For AI to add value in purchasing, organizations must create a technological foundation and use the full spectrum of IT tools. Doing so is a multi-stage process that successively creates the necessary level of maturity: getting the right data accessible across the entire procurement organization; automating the basics of the workflow, whereby a combination of cloud-based enterprise resource planning systems and state-of-the-art supplier relationship management suites usually makes sense; and adding robotic process automation for repetitive tasks.
With these capabilities in place, truly cognitive artificial solutions can be used, or companies can combine AI with supply chain management to open up new horizons that can boost efficiency and performance in purchasing. The trend is clearly being recognized: In Roland Berger’s survey of 87 CPOs of Global Fortune 500 companies, 67% of the CPOs ranked AI as one of their top 3 priorities for the next 10 years.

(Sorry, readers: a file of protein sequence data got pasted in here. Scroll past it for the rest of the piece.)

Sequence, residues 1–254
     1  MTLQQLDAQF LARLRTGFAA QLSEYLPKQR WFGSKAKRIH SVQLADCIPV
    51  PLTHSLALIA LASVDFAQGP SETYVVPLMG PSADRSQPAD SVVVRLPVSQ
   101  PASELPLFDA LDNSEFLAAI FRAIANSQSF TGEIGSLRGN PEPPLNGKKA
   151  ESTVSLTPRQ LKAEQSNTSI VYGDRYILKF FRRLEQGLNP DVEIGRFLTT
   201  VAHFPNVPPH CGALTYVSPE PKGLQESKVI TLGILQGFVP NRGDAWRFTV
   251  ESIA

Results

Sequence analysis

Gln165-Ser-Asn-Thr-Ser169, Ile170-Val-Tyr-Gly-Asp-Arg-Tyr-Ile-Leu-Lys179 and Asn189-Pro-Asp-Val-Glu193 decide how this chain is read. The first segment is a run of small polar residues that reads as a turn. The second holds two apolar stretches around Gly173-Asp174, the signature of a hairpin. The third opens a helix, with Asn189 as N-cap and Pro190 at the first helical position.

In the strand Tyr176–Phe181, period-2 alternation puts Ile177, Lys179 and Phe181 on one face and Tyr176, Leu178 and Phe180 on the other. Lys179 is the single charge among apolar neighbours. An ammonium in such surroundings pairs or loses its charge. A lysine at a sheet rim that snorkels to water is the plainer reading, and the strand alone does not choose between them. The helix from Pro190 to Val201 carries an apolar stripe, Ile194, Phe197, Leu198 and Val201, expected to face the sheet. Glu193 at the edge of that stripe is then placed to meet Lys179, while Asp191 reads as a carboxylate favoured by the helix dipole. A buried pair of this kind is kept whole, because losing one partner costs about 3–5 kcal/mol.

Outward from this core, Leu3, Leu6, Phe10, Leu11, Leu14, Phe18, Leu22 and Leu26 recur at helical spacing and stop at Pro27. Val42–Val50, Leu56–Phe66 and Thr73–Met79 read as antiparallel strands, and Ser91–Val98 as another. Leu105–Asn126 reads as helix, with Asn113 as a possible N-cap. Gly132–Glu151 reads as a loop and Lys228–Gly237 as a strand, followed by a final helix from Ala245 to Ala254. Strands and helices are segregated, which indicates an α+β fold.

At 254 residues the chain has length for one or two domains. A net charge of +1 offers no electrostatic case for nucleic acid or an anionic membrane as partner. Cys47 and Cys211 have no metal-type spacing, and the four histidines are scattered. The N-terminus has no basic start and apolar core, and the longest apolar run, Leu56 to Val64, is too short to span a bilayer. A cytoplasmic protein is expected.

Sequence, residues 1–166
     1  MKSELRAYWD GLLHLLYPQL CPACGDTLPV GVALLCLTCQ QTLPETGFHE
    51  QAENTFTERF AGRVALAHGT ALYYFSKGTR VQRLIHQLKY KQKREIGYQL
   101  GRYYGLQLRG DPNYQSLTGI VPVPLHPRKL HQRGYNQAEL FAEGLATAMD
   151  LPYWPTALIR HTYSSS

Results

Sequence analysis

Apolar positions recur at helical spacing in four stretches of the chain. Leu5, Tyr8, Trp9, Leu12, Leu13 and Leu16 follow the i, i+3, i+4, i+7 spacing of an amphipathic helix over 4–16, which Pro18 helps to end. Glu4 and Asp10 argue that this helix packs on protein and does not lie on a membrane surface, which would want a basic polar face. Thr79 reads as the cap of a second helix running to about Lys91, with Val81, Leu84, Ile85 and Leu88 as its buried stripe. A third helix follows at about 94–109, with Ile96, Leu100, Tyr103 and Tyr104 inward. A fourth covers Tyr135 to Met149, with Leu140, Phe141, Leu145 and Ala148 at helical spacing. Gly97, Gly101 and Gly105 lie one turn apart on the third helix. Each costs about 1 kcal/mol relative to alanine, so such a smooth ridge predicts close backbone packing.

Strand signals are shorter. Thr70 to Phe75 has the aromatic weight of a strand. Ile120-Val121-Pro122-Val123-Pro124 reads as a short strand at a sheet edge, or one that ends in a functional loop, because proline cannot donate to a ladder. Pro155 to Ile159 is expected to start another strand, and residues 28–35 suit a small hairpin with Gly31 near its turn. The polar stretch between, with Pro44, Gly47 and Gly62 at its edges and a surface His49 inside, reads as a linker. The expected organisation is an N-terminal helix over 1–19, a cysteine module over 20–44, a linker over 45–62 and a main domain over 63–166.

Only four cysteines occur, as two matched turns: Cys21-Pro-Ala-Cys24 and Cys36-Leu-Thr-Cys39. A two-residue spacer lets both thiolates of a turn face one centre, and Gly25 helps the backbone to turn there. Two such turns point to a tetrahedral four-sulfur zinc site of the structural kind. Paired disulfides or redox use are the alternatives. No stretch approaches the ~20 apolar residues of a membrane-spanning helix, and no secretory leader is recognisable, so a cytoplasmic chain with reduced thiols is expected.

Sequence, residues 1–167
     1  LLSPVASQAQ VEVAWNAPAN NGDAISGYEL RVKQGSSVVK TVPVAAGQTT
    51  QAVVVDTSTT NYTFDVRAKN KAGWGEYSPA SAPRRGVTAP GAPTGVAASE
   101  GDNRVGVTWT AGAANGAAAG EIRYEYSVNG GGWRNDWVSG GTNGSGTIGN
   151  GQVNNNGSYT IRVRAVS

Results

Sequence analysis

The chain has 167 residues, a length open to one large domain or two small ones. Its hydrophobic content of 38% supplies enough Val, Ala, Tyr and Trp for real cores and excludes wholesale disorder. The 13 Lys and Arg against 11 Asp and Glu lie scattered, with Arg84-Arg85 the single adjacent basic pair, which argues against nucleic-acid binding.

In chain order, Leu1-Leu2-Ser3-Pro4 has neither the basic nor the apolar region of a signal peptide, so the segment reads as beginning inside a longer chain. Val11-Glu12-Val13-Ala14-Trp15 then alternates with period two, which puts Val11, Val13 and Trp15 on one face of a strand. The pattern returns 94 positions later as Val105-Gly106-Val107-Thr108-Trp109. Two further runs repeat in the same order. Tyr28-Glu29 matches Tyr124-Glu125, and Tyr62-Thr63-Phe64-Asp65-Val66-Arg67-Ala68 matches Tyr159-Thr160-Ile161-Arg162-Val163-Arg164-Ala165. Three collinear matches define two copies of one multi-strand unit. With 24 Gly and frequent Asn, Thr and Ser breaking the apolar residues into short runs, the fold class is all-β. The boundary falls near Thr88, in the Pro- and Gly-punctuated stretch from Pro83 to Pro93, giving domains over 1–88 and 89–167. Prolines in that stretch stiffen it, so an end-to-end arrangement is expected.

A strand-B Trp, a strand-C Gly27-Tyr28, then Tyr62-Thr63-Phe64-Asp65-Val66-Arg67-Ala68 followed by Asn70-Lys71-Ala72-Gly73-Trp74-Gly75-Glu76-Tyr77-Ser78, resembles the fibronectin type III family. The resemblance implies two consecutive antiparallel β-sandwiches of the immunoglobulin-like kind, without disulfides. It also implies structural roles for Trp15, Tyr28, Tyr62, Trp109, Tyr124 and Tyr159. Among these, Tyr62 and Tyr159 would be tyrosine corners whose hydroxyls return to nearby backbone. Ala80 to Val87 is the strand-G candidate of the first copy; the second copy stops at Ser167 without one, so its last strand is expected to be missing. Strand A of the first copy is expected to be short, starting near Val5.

But as companies build their technological foundations, they must be aware of the soft factors that can quickly become hard show-stoppers. When the pure technology or product perspective dominates, companies may ignore the cultural, political or organizational factors to their own peril. In other cases, companies at the frontier of implementing AI at a strategic level may struggle to accept blurring lines between consumers and providers, technology specialists and business executives, and internal and external teams.
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